Power and Control
Abuse is a matter of choice. People who batter, are not “out of control”, instead they want to be in control. By introducing victims to the power and control wheel and the tactics that abusers use to establish and maintain power over their intimate partners, victims can begin to identify the dynamics that are present in their relationships.
The wheel was developed in 1984 by the staff at the Domestic Abuse Intervention Project (DAIP) who began developing curricula for groups for men who batter and victims of domestic violence. They convened focus groups of women who had been battered, listened to heart-wrenching stories of violence, terror and survival. After listening to these stories and asking questions, they documented the most common abusive behaviors or tactics that were used against these women. The tactics chosen for the wheel were those that were most universally experienced by battered women.
Many women’s groups use the Power and Control Wheel. Battered women can point to each of the tactics on the wheel and clearly explain how these behaviors were used against them. They are able to see that they are not alone in their experience and more fully understand how their batterer could exert such control over them.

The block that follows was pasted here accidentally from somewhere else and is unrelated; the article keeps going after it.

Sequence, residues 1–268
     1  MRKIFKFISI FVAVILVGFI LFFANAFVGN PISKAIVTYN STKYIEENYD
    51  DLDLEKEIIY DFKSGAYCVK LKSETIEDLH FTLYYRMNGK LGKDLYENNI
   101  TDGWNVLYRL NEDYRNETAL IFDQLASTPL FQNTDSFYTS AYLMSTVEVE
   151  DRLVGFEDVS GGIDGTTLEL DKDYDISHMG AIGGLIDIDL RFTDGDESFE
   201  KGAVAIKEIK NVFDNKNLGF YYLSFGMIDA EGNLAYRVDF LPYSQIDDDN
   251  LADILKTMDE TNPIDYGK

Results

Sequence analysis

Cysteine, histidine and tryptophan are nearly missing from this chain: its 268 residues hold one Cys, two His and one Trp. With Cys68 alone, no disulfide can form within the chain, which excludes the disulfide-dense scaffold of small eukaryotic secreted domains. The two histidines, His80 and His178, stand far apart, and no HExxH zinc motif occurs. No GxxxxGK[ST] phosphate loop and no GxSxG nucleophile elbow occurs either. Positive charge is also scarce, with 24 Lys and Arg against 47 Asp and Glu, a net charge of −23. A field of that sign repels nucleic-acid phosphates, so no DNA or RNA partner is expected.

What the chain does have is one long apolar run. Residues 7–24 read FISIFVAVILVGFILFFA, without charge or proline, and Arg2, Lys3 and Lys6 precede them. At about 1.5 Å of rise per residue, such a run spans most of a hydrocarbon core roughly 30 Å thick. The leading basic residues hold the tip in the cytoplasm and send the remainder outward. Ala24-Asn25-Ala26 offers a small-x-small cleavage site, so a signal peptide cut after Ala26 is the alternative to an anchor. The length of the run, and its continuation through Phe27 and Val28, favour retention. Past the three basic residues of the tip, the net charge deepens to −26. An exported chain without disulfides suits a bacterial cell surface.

Why is it called the power and control wheel?
Battering is one form of domestic or intimate partner violence. It is characterized by the pattern of actions that an individual uses to intentionally control or dominate his intimate partner. That is why the words “power and control” are in the center of the wheel. A batterer systematically uses threats, intimidation, and coercion to instill fear in his partner. These behaviors are the spokes of the wheel. Physical and sexual violence holds it all together—this violence is the rim of the wheel.
In understanding these dynamics, Victims can begin to take steps to safety, regardless of whether they chose to stay with their partner or chose to leave.